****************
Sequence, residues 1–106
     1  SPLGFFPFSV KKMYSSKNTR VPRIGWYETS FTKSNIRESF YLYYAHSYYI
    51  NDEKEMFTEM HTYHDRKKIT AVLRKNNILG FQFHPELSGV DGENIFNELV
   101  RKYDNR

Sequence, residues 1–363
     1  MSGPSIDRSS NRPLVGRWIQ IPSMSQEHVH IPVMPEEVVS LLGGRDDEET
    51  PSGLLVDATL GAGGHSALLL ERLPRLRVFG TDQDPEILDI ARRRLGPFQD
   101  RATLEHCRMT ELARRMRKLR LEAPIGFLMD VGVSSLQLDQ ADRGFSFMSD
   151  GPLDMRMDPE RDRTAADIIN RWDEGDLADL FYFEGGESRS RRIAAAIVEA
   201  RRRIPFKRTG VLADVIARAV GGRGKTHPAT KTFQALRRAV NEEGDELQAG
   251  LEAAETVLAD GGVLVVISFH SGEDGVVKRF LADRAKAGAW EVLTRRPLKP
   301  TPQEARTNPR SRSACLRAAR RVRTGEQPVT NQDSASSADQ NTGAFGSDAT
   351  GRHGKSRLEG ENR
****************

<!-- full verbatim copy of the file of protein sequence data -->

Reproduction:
Sequence, residues 1–106
     1  SPLGFFPFSV KKMYSSKNTR VPRIGWYETS FTKSNIRESF YLYYAHSYYI
    51  NDEKEMFTEM HTYHDRKKIT AVLRKNNILG FQFHPELSGV DGENIFNELV
   101  RKYDNR

Sequence, residues 1–363
     1  MSGPSIDRSS NRPLVGRWIQ IPSMSQEHVH IPVMPEEVVS LLGGRDDEET
    51  PSGLLVDATL GAGGHSALLL ERLPRLRVFG TDQDPEILDI ARRRLGPFQD
   101  RATLEHCRMT ELARRMRKLR LEAPIGFLMD VGVSSLQLDQ ADRGFSFMSD
   151  GPLDMRMDPE RDRTAADIIN RWDEGDLADL FYFEGGESRS RRIAAAIVEA
   201  RRRIPFKRTG VLADVIARAV GGRGKTHPAT KTFQALRRAV NEEGDELQAG
   251  LEAAETVLAD GGVLVVISFH SGEDGVVKRF LADRAKAGAW EVLTRRPLKP
   301  TPQEARTNPR SRSACLRAAR RVRTGEQPVT NQDSASSADQ NTGAFGSDAT
   351  GRHGKSRLEG ENR